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Hope, Powerlessness, and Agency

Han-Pile, HB (2017) 'Hope, Powerlessness, and Agency.' Midwest Studies in Philosophy, 41 (1). 175 - 201. ISSN 0363-6550

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Abstract

Hope is hard to characterise because of the exceptional diversity of its applications, to the point that one may wonder whether there is continuity between ordinary cases of hope and what is often called 'hope against hope'. In this paper, I shall follow the relatively small but growing literature on hope and examine propositional hopes, i.e. hopes of the form 'hoping that p', with a particular focus on recent work by Philip Pettit and Adrienne Martin. I shall do this first by identifying a significant difficulty encountered by what has become known as the 'orthodox definition' (Martin 2014, henceforth 'OD'). The OD defines hope by means of two necessary and sufficient conditions: A hopes that p if and only if (1) A desires that p and (2) A assigns to p a degree of probability between (and excluding) 0 and 1. On this definition, to hope is to desire an outcome we deem neither certain nor impossible. Note that the relevant probability assignment is subjective: the OD allows, for example, that children can hope for Father Christmas to visit them on Christmas Eve.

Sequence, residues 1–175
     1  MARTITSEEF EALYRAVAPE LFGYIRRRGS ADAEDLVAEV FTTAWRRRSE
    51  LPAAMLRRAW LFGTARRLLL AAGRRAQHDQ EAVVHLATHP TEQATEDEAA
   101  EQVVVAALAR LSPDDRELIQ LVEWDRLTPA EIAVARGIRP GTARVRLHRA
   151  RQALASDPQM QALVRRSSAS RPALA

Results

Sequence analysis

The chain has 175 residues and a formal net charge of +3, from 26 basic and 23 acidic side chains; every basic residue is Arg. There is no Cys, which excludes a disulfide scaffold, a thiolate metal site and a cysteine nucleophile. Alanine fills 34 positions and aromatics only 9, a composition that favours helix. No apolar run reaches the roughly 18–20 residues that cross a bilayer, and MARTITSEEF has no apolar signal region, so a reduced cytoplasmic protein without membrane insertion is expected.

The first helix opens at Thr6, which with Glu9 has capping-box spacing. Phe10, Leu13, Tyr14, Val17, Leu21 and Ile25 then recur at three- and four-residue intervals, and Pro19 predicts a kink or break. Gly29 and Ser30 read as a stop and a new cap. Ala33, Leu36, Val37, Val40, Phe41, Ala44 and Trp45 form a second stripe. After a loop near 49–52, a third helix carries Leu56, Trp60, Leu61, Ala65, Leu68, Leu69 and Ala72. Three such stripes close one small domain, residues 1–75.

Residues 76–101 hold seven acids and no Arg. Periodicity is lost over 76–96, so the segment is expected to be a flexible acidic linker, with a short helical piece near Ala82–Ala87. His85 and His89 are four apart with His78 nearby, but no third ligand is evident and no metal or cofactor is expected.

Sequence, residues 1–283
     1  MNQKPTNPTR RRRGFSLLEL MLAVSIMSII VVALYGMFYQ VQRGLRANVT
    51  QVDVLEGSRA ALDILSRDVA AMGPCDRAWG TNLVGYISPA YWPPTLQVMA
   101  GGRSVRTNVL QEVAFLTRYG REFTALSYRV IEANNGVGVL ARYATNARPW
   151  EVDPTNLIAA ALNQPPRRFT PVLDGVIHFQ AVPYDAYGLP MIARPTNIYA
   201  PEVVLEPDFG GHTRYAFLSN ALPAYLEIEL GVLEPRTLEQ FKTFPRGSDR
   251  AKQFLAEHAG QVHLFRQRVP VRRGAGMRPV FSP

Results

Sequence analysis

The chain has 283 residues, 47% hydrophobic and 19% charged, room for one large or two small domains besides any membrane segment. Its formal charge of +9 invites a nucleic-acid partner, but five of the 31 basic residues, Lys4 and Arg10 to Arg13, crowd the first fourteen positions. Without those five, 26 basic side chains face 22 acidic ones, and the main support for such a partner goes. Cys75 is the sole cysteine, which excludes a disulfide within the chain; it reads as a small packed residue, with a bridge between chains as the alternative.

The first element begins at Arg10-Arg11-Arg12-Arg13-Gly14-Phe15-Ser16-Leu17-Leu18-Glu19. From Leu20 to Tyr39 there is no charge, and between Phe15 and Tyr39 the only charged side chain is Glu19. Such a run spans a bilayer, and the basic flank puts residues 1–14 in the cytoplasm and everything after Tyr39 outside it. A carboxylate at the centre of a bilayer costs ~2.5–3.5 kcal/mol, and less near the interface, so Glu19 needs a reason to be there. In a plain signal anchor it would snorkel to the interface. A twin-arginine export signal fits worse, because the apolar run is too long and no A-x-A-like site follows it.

Item Type: Article
Subjects: B Philosophy. Psychology. Religion > B Philosophy (General)
Divisions: Faculty of Humanities > Philosophy and Art History, School of
Depositing User: Jim Jamieson
Date Deposited: 19 Oct 2016 09:38
Last Modified: 24 Nov 2017 17:15
URI: http://repository.essex.ac.uk/id/eprint/17808

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